Statistics, Training, Gunfights and You

In the next few posts we will explore some of the myths of gunfighting that drive inappropriate training.

How can you train to protect yourself from the most likely threat you might face? If you are an average citizen FBI crime statistics show that you are most likely to need your pistol to protect yourself in a robbery or carjacking if outside your home. And inside your home it would be a burglary or home invasion robbery. So don’t train for a more complicated scenario like an armed invasion of terrorist. Simple first then build up to complicated later.

Today we will talk about what a typical robbery looks like. There are a lot of statistics thrown around about this topic. Unfortunately many of the stats are skewed due to how they are collected and who they are collect for. They are collected about police officer shootings mostly. As a police officer I got very close to people. I also tackled them, wrestled them and forced them into handcuffs. I’ve never had a person initiate a wrestling match with me as a police officer. Every time they fought it was because I went to put my hands on them. Otherwise they didn’t want to get close to me. I know there are exceptions.

It turns out that bad guys don’t want to get too close to you either. Video footage, victim reports and police reports show that the vast majority of robbers stay about two or three steps back from the victim. There are a lot of theories as to why this is. Some think it is because the bad guy is having tunnel vision due to the excitement of conducting the robbery, so he thinks he is closer than he actually is. Others think it is just good practice to stay away from victims while you rob them. They are using caution so you can’t grab their weapon of choice.  Whatever the reason is the majority of robbers stay back. It’s not like in the movies where they put the pistol to your head. That is very rare and different training is required to deal with it.  Play the odds first. If the pistol is to your head, give them the money. Odds are they won’t shoot you. As you improve in your abilities you can change your mind as to how you will deal with this. You don’t have to be superman or woman from day one. What you decide to do depends on your abilities right now.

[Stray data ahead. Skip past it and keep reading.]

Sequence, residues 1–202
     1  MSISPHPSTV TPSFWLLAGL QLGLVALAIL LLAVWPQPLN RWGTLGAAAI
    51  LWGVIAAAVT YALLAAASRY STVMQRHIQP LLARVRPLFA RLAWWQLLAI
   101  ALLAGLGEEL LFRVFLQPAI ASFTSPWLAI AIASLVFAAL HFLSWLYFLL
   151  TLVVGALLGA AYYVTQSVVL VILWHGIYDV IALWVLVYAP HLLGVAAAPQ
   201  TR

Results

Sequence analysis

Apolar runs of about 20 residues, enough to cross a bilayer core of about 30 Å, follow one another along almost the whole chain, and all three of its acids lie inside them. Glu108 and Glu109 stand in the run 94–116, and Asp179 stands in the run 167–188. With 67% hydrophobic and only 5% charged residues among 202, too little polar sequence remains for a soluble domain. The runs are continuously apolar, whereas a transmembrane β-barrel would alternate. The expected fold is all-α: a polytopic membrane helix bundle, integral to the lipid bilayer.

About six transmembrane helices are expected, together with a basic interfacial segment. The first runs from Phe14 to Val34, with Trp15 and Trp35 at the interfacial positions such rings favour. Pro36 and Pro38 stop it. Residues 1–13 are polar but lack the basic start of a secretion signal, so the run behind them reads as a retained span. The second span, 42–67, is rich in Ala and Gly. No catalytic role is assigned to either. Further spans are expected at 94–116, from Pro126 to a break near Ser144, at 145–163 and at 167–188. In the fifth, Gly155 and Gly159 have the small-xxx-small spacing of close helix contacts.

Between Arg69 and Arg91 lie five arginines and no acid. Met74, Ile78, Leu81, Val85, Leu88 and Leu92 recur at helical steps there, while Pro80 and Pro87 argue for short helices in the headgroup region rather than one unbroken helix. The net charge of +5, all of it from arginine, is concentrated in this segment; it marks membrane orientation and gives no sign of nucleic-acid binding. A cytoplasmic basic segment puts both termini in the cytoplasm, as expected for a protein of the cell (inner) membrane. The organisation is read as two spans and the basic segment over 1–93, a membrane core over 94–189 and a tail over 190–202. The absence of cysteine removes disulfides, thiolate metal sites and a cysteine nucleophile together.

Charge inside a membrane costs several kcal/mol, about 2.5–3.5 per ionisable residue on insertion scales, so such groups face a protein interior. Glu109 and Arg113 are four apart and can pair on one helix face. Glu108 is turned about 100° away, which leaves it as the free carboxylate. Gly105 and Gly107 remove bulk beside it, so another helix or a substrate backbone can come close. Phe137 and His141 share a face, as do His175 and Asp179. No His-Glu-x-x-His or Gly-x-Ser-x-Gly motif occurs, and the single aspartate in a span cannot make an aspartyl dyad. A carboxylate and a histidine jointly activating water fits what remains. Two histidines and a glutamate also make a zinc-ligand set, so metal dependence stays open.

So how might this effect your training as a new shooter? For self defense your target is going to be no larger than a human body and perhaps smaller if it is obscured. I always thought that under stress I might shoot faster than I do in training and maybe not as accurate. A former Delta Force soldier told me that they track every training round and try to track as many real rounds as possible that they shoot into people. He said they shoot 30% less accurate under real life shootings. He even talked about getting rid of the HEAD shot due to this. I’m certainly no special force soldier so I assume I will shoot 50% worse in real life if I’m lucky. Therefore I shoot slow enough to keep all my rounds in a six inch circle on the body and a three inch circle on the head. Hopefully this will equate to hitting a twelve inch circle on the body and a six inch circle on the head in real life. That is how I came up with my Wal-Mart target from an earlier post.

A new shooter would have problems starting their shooting at fifty yards in order to engage terrorist in the mall. Common sense says that you should start closer and move back as you improve. If the normal range of a robber is two to seven yards then why not start there? I suggest starting at five yards and slowly shooting circles no larger than six inches. As you improve your fundamentals and accuracy improves then shoot more quickly at the same distance and/or move farther back and shoot slowly again. If you keep doing this all the way back to twenty-five yards and then add in retention shooting at contact distance you will have trained for real life distances. You might eventually shoot from farther but let’s keep it simple for awhile. Learning to shoot a six inch circle at twenty-five yards is the foundation for shooting at fifty yards just like shooting accurately and quickly at five yards is the foundation to shooting the same at fifteen yards.

We will break these ideas down into more detail in future posts. Keep it simple for now and learn to shoot slow and accurate at first. Then over time shooting quickly and accurately.




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